I want to use a relay to control 230V power to an electric motor.
I'm considering using the Omron G6RN relay:
According to the datasheet, it has:
- Protection class II according to VDE0106 Part 1
- Insulation class C/250, B/380 according to VDE0110.
- Compliance with EN61810-1
- 4kV dielectric strength with 8mm creepage/clearance.
IEC 60950-1, which I'm trying to comply with, requires 4mm creepage and clearance, when designing for 2500V mains transients (2500V being the recommended design target for my class of product).
But, it also states that no single fault may create a hazardous situation. In principle, I'm trying to design my circuit so that the low-voltage parts fulfill the requirements for a SELV-circuit (i.e, a circuit with "safe" voltages).
IEC 60950-1 says, in paragraph 1.4.14, that a single fault is a single failure of any insulation (excluding double and reinforced) or a single failure of any component (excluding components with double or reinforced insulation). So, obviously it's not enough to follow the clearance and creepage requirements, one must also make sure that an hazardous situation cannot occur as a result of the failure of any one component that isn't adequately insulated (double or reinforced).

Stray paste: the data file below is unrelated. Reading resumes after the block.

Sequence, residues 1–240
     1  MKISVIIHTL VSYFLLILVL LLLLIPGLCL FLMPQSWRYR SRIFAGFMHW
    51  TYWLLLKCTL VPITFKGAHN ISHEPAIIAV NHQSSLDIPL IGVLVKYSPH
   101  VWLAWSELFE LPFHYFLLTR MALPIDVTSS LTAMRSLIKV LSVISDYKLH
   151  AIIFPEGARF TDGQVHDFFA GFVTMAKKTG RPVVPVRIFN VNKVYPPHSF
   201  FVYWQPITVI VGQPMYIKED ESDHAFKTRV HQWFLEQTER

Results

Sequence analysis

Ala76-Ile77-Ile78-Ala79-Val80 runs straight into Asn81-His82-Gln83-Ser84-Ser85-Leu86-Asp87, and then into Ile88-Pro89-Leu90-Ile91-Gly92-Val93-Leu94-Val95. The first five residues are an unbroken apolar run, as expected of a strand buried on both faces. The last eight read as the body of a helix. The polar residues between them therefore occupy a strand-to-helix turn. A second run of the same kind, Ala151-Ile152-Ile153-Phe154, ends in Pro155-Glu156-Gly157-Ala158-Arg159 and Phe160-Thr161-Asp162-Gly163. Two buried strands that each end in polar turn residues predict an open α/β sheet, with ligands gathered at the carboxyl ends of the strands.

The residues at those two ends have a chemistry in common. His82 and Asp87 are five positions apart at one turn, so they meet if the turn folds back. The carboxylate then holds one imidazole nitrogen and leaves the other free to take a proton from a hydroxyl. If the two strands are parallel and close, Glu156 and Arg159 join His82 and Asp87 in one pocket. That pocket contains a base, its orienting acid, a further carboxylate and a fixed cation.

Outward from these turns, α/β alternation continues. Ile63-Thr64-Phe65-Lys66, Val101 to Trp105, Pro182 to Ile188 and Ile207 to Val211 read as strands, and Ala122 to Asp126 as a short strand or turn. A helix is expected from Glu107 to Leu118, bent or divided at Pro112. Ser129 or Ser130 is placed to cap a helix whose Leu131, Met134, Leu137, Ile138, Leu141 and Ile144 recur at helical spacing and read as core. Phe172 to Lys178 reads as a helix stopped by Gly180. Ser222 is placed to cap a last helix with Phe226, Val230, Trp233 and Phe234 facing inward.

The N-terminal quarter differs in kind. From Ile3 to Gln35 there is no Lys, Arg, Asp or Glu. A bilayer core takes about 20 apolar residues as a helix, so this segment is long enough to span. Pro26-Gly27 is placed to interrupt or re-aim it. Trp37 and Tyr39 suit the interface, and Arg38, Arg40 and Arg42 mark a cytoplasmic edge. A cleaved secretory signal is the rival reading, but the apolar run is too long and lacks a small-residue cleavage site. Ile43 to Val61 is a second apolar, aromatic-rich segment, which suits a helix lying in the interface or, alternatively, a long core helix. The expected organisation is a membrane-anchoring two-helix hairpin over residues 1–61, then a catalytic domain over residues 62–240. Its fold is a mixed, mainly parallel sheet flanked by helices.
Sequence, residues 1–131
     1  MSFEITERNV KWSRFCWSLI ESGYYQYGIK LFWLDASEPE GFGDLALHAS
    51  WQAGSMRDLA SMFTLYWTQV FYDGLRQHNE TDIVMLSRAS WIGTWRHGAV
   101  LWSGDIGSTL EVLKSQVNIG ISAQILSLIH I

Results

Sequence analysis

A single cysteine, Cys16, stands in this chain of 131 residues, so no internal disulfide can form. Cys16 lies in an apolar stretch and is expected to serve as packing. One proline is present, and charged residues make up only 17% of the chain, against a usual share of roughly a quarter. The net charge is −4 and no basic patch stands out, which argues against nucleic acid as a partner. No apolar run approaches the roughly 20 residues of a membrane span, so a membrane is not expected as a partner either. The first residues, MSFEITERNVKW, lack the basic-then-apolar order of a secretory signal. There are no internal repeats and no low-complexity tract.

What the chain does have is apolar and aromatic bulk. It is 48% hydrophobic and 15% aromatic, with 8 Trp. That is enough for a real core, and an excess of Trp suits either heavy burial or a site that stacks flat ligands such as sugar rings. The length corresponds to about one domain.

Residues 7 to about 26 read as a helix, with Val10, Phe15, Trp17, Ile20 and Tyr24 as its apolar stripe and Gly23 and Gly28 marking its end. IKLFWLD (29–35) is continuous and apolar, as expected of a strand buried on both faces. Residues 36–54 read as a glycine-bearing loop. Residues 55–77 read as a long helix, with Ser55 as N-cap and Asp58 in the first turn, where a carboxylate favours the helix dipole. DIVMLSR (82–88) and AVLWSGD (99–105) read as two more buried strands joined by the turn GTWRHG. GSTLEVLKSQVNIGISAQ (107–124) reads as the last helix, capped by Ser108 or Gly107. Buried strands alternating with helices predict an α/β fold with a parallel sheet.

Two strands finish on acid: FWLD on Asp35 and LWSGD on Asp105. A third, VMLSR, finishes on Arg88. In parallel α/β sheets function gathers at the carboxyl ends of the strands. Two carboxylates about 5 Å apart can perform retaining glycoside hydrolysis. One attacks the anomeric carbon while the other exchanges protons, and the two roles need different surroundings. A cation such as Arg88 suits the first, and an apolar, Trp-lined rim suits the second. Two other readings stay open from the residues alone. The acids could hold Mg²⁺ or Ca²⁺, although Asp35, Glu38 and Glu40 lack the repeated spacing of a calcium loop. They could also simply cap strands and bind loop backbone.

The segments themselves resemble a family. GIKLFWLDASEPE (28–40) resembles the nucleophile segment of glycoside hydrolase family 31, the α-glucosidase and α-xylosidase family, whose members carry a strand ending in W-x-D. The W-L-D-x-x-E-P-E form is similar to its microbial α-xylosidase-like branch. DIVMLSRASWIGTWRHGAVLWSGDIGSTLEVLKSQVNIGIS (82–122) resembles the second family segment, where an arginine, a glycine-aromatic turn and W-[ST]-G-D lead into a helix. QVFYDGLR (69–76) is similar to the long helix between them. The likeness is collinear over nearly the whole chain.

I have noticed that the datasheet for the Omron G7SA:
states explicitly that the relay provides reinforced insulation between inputs and outputs.
So, what is the effect of all this? Am I allowed to do my own interpretation of the G6RN datasheet to conclude it does in fact provide reinforced insulation, or am I forced to select a relay for which this is explicitly stated in the datasheet?
I've taken apart a G6RN, and it seems pretty well thought-out. The mechanical arm that maneuvers the actual contact is made of plastic, and is more than 10mm long. There is no obvious way the relay could fail so that the insulation breaks down. Perhaps if the contact melts and hot metal is splattered all over the interior of the relay.